Winter Storm Barrels Into Nebraska
A winter storm barreled into Nebraska on Monday, plunging wind chills to 43 below zero, dropping at least 8 inches of blowing snow and closing schools in the central and east.
Hannah Menzel, 12, of Bellevue said she woke up to heavy
snow on the driveway and streets, happily thinking "it had snowed a lot
and we would not have school."
Sure enough, all schools were closed in south-central to southeast Nebraska, including Kearney, Bellevue, Omaha, Lincoln, Beatrice and Broken Bow, where 8 inches to 5 inches of snow had fallen.
Temperatures dropped to 2 below zero in central and eastern Nebraska and 30 mph winds drove wind chills to 43 below at Broken Bow, 42 below at Beatrice and O'Neill, 30 below in Omaha and 34 below at Norfolk.
In western Nebraska, Scottsbluff had about 2 inches of snow and Alliance had 4 inches. Winds were not as strong in the west, though temperatures were colder at 17 below in Chadron and 8 below in Alliance. Most schools in western Nebraska were open.
Despite not having to go school, Hannah Menzel had laid many plans with her brother and sister.
"I'm going to go sledding if it warms up enough," she said, "work on my Christmas dress and build a snowman and a fort."
Snow plows were out in force in Omaha, but had trouble keeping up. A number of cars and trucks spun their wheels on slick off ramps along Interstate 80, or became stuck in roadside drifts.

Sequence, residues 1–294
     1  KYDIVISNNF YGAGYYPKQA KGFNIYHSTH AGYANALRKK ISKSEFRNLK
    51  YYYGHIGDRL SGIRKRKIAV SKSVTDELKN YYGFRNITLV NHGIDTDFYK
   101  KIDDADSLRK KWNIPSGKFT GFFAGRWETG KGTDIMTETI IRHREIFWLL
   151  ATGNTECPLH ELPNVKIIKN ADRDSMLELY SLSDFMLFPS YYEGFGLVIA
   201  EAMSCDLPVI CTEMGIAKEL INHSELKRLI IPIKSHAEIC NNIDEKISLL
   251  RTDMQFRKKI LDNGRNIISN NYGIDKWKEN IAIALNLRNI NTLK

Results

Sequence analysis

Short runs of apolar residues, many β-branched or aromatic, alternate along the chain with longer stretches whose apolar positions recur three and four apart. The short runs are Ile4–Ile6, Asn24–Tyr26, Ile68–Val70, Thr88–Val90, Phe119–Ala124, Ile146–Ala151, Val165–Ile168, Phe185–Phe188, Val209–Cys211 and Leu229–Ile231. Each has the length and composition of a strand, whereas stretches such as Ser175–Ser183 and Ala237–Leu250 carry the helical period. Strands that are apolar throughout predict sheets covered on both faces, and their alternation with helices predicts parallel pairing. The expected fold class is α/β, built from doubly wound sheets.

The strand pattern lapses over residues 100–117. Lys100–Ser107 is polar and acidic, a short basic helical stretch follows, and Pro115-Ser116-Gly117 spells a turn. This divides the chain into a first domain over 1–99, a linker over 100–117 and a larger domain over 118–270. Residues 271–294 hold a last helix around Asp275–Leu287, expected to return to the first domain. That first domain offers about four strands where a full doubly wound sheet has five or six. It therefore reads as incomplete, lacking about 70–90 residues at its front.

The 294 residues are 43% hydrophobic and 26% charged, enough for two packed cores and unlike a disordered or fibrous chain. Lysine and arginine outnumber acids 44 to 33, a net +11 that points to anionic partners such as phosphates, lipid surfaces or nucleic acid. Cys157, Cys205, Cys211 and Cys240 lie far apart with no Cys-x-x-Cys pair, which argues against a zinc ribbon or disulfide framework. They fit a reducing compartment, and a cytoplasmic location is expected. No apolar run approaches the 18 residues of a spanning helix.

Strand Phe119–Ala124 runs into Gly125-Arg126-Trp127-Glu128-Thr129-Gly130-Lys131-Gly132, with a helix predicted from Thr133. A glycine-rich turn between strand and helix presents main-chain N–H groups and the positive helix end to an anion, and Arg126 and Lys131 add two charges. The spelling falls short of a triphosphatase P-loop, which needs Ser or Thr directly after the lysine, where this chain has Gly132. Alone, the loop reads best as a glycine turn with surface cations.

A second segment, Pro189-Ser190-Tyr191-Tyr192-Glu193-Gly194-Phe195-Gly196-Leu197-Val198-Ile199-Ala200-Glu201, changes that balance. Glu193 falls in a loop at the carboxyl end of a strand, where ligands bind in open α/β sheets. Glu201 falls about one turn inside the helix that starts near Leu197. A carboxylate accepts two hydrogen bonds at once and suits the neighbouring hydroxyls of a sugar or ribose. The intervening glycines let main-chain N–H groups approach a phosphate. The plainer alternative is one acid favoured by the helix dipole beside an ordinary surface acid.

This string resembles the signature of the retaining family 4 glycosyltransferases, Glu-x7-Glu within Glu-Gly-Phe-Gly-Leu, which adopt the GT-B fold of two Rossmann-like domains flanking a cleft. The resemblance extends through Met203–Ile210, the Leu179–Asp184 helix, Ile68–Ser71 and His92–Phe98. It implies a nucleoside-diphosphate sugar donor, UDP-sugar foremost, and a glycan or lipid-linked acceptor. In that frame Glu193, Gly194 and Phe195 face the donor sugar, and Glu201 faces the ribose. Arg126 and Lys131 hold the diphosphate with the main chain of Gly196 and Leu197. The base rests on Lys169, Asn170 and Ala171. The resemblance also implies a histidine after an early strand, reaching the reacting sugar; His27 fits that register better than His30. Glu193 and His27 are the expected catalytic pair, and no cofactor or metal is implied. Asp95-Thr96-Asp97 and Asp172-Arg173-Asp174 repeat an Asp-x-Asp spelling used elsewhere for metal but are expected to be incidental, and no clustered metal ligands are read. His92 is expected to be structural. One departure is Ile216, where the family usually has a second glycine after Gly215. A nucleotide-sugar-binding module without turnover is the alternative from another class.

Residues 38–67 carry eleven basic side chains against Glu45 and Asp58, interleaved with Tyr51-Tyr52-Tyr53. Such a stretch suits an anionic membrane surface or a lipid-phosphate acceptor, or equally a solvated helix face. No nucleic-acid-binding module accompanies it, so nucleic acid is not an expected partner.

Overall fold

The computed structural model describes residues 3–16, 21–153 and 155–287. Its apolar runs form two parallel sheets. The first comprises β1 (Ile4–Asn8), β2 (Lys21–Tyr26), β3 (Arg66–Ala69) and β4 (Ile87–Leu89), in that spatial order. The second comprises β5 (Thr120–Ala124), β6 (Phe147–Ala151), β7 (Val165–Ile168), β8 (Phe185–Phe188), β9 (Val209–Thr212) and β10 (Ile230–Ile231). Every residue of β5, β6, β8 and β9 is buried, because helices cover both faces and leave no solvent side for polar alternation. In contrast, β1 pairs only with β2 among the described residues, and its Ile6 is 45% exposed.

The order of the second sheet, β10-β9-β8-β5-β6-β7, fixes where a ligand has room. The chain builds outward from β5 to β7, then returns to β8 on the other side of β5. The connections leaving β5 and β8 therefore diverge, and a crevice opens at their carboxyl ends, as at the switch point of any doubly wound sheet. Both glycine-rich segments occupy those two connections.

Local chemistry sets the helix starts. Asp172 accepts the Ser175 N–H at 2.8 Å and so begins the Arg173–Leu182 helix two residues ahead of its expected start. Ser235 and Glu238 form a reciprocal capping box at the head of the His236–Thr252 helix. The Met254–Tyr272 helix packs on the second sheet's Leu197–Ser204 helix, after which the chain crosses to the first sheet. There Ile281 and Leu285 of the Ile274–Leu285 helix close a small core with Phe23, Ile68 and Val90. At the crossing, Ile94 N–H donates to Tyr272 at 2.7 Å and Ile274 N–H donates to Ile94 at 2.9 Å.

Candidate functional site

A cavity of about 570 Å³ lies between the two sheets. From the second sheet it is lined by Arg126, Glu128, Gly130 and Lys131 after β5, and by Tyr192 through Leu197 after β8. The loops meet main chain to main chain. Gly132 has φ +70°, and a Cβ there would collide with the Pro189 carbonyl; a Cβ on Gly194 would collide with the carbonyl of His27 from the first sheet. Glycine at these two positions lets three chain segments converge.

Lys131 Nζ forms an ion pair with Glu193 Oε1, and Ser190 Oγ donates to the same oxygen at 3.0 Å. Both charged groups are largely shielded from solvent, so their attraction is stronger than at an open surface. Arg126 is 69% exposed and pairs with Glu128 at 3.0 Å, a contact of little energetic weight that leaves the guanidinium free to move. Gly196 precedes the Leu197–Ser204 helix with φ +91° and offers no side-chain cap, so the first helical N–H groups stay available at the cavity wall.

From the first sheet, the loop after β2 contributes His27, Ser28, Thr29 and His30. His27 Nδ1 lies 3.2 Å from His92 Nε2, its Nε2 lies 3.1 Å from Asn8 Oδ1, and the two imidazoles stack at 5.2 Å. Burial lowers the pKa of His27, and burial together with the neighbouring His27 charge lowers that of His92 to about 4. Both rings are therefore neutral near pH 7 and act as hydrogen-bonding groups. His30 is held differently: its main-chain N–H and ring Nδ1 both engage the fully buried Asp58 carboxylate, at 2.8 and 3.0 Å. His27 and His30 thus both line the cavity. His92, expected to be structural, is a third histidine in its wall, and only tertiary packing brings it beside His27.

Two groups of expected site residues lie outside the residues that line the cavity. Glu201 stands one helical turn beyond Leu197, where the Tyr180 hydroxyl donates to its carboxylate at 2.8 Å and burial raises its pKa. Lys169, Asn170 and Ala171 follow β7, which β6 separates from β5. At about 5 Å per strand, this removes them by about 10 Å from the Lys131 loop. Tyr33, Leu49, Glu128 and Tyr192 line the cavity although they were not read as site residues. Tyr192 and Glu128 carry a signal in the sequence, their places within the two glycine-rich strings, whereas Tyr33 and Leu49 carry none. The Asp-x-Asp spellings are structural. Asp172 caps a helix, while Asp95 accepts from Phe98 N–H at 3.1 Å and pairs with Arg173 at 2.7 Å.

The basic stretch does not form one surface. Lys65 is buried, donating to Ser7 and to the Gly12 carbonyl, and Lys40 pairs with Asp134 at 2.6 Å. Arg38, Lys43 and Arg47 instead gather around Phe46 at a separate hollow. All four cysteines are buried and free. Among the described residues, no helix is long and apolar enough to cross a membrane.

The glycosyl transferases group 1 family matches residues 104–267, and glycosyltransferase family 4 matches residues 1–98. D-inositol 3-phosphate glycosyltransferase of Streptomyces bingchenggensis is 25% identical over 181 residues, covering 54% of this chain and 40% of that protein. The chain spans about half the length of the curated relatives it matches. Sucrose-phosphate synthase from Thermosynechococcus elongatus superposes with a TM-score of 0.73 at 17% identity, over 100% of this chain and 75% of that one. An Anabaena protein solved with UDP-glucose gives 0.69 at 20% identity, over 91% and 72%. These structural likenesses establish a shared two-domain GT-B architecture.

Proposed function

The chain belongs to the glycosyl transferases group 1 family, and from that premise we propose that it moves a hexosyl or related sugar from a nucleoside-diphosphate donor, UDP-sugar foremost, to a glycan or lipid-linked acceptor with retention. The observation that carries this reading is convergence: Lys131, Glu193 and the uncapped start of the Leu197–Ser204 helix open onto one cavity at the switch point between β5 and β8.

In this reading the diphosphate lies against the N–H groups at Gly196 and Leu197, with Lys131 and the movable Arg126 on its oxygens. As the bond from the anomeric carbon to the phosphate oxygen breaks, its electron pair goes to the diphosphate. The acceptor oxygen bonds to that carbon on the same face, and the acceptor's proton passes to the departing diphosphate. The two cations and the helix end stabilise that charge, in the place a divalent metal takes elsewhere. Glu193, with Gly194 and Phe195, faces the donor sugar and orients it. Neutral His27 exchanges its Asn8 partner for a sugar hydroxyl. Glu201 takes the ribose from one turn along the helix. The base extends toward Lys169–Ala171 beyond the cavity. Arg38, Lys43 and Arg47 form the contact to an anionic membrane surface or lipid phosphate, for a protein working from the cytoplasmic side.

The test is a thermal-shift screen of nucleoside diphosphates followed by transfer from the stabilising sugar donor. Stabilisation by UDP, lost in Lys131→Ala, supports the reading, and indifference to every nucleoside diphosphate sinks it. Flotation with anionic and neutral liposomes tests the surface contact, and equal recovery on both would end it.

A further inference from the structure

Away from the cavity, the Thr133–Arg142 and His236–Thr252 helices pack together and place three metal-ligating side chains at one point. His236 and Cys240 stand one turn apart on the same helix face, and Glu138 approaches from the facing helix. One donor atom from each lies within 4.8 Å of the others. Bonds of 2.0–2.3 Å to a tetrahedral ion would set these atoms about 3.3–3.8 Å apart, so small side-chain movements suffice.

Drifting snow slowed travel to about 25 mph on the interstate between Lincoln and Omaha.
Douglas County District Court did not open Monday and jurors were told not to report.
Rural schools in northeast Nebraska were closed, but Norfolk and Columbus in the northeast had received less snow and classes in those larger schools were held.
Eppley Airfield in Omaha was open, but a number of flights were canceled going into Chicago's O'Hare Airport because of snow and wind in that city.
Central and eastern Nebraska could get up to 10 inches of snow before the snowfall diminished to flurries later Monday, and flurries were expected in the Panhandle, the National Weather Service said.
Temperatures could drop to record lows Monday night, ranging from 15 below to 20 below in the north-central part of the state, to 5 below to 10 below in the southeast.
Highs Tuesday were expected to be in the single digits and teens, the weather service said, and it could be Thursday before temperatures climb back above freezing.
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